Geography of Canada

The geography of Canada describes the geographic features of Canada, the world's second largest country in total area.

Situated in northern North America (constituting 41% of the continent's area), Canada spans a vast, diverse territory between the North Pacific Ocean to the west and the North Atlantic Ocean to the east and the Arctic Ocean to the north (hence the country's motto "From sea to sea"), with the United States to the south (contiguous United States) and northwest (Alaska). Greenland is to the northeast; off the southern coast of Newfoundland lies Saint-Pierre and Miquelon, an overseas collectivity of France. Since 1925, Canada has claimed the portion of the Arctic between 60°W and 141°W longitude to the North Pole; however, this claim is contested. While the magnetic North Pole lies within the Canadian Arctic territorial claim as of 2011, recent measurements indicate it is moving towards Siberia.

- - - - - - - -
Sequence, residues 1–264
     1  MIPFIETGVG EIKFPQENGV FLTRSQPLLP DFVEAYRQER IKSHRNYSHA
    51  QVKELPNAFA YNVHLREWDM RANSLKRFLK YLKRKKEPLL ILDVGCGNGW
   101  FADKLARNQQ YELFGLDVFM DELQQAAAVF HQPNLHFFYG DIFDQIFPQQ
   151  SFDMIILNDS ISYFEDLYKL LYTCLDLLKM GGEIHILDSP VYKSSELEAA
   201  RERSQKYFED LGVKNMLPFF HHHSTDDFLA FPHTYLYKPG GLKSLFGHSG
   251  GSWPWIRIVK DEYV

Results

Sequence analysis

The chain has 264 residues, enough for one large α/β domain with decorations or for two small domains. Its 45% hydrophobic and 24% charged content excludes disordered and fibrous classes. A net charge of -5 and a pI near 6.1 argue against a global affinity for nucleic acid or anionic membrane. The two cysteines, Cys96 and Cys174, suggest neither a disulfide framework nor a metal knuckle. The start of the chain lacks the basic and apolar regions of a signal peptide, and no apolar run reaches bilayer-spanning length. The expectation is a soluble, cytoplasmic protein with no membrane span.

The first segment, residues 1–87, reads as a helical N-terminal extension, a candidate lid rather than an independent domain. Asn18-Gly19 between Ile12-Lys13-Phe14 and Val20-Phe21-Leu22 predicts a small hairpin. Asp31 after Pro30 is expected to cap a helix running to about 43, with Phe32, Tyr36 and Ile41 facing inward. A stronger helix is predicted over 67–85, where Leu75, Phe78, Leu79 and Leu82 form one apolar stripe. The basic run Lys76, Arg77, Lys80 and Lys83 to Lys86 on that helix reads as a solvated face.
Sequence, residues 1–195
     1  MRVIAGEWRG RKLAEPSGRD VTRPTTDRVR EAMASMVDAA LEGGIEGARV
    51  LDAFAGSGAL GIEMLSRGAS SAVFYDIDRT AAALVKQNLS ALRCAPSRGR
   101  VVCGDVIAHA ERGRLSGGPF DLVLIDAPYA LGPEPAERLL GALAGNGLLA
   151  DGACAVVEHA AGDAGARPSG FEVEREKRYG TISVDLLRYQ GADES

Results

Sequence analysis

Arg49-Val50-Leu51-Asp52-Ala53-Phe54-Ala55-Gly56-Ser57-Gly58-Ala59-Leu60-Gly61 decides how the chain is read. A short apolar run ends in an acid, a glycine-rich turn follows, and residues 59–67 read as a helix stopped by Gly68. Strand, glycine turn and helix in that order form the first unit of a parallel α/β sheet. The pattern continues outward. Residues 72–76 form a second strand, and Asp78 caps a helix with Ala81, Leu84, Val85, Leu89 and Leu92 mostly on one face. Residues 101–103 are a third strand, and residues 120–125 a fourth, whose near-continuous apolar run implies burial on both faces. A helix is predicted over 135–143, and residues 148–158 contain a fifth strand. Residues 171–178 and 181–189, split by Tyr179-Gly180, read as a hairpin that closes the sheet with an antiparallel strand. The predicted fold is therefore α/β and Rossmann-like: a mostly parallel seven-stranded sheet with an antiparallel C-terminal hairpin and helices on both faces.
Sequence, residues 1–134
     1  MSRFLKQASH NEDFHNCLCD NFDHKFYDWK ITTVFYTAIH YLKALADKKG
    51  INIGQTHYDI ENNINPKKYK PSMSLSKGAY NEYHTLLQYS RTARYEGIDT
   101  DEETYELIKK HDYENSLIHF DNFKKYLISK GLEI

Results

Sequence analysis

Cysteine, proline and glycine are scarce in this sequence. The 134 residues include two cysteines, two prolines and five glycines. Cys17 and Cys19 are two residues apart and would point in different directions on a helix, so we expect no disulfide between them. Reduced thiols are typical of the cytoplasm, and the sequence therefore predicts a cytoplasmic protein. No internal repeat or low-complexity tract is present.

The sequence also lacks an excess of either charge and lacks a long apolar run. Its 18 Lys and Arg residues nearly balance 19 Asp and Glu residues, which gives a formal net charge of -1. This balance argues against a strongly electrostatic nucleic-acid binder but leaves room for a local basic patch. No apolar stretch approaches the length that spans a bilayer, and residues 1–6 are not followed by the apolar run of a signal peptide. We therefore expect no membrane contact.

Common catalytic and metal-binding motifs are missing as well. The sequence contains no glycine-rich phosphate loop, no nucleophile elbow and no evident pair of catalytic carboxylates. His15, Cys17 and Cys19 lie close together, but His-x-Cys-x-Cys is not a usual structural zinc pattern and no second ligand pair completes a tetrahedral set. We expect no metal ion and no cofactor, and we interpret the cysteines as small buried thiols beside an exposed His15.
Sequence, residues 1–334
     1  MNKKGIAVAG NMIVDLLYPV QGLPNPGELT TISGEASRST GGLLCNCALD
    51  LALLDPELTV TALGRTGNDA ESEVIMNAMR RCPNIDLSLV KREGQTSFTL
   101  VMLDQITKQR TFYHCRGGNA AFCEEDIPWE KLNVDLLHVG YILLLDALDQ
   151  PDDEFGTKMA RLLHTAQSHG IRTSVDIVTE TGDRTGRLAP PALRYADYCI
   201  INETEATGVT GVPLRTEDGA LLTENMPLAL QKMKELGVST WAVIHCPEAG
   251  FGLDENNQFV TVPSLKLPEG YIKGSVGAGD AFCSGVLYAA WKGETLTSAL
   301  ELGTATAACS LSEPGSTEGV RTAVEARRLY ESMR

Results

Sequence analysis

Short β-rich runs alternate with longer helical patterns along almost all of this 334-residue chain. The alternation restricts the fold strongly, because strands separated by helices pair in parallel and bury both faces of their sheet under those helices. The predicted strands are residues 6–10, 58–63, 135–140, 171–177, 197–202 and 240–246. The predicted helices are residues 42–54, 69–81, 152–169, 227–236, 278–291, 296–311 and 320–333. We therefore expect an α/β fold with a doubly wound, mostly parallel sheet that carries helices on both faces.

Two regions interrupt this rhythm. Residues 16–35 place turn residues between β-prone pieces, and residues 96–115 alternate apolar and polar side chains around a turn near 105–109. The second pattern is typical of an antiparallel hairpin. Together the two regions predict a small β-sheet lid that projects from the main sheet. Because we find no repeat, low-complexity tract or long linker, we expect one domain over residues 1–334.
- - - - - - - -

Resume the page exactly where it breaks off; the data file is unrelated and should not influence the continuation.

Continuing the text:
Covering 9,984,670 km2 or 3,855,100 sq mi (land: 9,093,507 km2 or 3,511,023 sq mi; water: 891,163 km2 or 344,080 sq mi), Canada is slightly less than three-fifths as large as Russia and slightly larger than Europe. In total area, Canada is slightly larger than both the U.S. and China; however, Canada ranks fourth in land area (i.e., total area minus the area of lakes and rivers)—China is 9,326,410 km2 (3,600,950 sq mi) and the U.S. is 9,161,923 km2 (3,537,438 sq mi)

The population of Canada, some 34,980,000 million as of November 2012, is concentrated in the south in proximity to its border with the contiguous U.S.; with a population density of 3.5 people per square kilometre (9.1/sq mi), it is one of the most sparsely populated countries in the world. The northernmost settlement in Canada—and in the world—is Canadian Forces Station (CFS) Alert (just north of Alert, Nunavut) on the northern tip of Ellesmere Island at 82°30′N 62°19′W, just 834 kilometres (518 mi) from the North Pole.

Read more about Geography Of Canada:  Climate, Physical Geography, Hydrography, Floristic Geography, Political Geography, Natural Resources, Natural Hazards, Current Environmental Issues, Extreme Points

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